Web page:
This spectacular, highly finished drawing was made by Sir James Thornhill in preparation for the decoration of Hanbury Hall in Worcestershire. This previously unpublished sheet demonstrates both Thornhill’s absorption of continental drawing styles, but also his ambitions in presenting a complex mythological composition to his client. Hanbury was the home of lawyer Thomas Vernon an eminent Chancery barrister who amassed a considerable fortune. He remodelled Hanbury from 1700, commissioning Thornhill to decorate a series of rooms in around 1710.
Thornhill chose scenes from the life of Achilles, with a depiction of the Assembly of the Gods on the ceiling and the walls illustrating other episodes. It was on the west wall that Thornhill depicted The Discovery of Achilles amongst the daughters of Lycomedes. Achilles's mother had disguised him as a woman in order to prevent him dying in combat during the Trojan Wars. She sent him to live as a woman in the court of King Lycomedes of Skyros. When Odysseus and Diomedes later came to retrieve him, they tricked Achilles into revealing himself. Bringing gifts of jewellery and clothes for the ladies of the court, as well as a sword and a shield, Achilles instinctively seized the weapons thus revealing himself. This was a popular subject for history painters, with several versions being recorded on the London art market in the late seventeenth and early eighteenth centuries. The story was best known through a series of eight etchings of the History of Achilles (1679) based on tapestry designs by Rubens.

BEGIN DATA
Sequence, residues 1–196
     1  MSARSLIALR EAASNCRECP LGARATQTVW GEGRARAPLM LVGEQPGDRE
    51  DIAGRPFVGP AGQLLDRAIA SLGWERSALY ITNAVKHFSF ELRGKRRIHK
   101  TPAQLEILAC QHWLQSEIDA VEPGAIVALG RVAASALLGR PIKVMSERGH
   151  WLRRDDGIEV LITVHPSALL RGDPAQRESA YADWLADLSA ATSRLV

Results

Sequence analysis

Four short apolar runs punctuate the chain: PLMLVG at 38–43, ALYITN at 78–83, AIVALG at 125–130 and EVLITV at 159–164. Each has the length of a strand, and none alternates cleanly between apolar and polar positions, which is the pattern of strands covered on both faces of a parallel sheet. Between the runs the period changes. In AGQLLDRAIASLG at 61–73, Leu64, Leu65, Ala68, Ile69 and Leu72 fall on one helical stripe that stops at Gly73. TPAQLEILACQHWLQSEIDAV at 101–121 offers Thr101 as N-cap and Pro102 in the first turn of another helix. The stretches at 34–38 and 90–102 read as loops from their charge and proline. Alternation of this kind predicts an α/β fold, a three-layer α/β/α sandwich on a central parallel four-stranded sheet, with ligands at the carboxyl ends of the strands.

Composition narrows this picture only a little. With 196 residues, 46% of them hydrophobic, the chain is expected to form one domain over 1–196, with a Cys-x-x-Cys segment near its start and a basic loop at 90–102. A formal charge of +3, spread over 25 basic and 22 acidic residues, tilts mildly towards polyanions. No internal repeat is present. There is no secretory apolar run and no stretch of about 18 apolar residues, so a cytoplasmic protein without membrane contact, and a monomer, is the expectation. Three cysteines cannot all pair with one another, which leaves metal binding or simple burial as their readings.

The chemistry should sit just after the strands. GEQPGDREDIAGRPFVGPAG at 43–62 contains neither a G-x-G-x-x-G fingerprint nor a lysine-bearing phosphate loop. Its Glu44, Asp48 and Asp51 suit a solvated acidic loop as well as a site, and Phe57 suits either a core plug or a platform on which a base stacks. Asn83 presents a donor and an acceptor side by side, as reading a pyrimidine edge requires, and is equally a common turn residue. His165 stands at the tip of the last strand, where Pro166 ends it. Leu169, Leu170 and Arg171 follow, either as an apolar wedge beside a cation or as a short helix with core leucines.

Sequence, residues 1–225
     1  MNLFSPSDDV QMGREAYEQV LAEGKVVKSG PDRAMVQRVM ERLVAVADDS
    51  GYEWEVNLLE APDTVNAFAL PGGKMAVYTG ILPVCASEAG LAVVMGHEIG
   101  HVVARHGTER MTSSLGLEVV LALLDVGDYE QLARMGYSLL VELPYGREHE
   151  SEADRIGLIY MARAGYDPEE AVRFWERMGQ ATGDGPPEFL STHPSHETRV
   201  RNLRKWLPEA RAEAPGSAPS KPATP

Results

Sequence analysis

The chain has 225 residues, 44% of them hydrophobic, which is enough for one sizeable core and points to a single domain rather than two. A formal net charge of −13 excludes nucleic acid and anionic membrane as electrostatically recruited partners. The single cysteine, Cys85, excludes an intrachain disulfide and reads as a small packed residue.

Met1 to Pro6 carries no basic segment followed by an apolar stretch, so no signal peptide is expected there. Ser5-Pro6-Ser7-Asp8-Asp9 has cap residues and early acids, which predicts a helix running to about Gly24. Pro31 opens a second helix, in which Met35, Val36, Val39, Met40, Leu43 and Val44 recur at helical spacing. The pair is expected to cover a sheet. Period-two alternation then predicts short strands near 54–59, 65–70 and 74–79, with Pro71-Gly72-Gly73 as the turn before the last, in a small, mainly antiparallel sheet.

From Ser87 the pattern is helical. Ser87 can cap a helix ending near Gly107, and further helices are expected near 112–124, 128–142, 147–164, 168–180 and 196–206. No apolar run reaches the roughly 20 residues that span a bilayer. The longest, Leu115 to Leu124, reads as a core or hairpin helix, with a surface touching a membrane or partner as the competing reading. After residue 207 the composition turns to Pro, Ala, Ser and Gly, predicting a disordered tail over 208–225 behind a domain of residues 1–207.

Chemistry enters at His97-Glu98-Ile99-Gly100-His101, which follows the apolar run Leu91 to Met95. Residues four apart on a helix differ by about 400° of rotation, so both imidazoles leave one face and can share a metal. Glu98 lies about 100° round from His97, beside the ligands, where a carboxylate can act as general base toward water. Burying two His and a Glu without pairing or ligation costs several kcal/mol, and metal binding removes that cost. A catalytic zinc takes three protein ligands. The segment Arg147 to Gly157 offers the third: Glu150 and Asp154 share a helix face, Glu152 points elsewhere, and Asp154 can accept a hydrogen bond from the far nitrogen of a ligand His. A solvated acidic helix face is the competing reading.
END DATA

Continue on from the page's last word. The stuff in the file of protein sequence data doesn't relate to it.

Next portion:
Thornhill's working method was to make his first thoughts about a project in rapid pen and ink sketches, and frequently he worked up several competing treatments of the same story. Thornhill's first ideas for this composition survive in a pen and ink sketch now at Hanbury. Initially the figures of King Lycomedes and his queen were most prominent, with Achilles shown handling a spear at the bottom of a flight of steps, surrounded by the ladies of the court. Thornhill's ideas changed significantly between this early stage and this more considered and fully developed drawing. Thornhill did much of this thinking on the sheet itself, which retains the loose red chalk drawing underneath the pen and wash, which he made at the initial stage of working when experimenting with poses and gestures. In our drawing, Lycomedes has been removed to the background, with Achilles holding a spear and shield given greater prominence. This brings the narrative and composition closer to Rubens’s design. The finished painting at Hanbury represents a further development. Lycomedes is now omitted altogether, and Thornhill has made a clearer spatial distinction between Achilles and the women, who are clustered in a triangular shape on the right; Achilles is positioned more emphatically on the left, close to Odysseus and Diomedes, perhaps signifying his into readmission into the world of men. A further, fully developed drawing at the Cooper Hewitt in New York shows the same composition, but in reverse, and what must have been Thornhill's oil on canvas sketch of this subject was sold as: 'The Discovery of Achilles' for £3.8s at the artist's posthumous sale in 1735. At the British Museum is a staircase design on the theme of Achilles's story, which includes this episode. It was acquired as by Thornhill but is here re-attributed to his pupil Thomas Carwitham. Thornhill’s use of red chalk, brown wash and white heightening on a buff coloured paper points to his familiarity and interest in Italian drawing styles. Indeed, when this drawing first appeared at auction it was attributed to Maratti’s pupil, Giuseppe Passeri.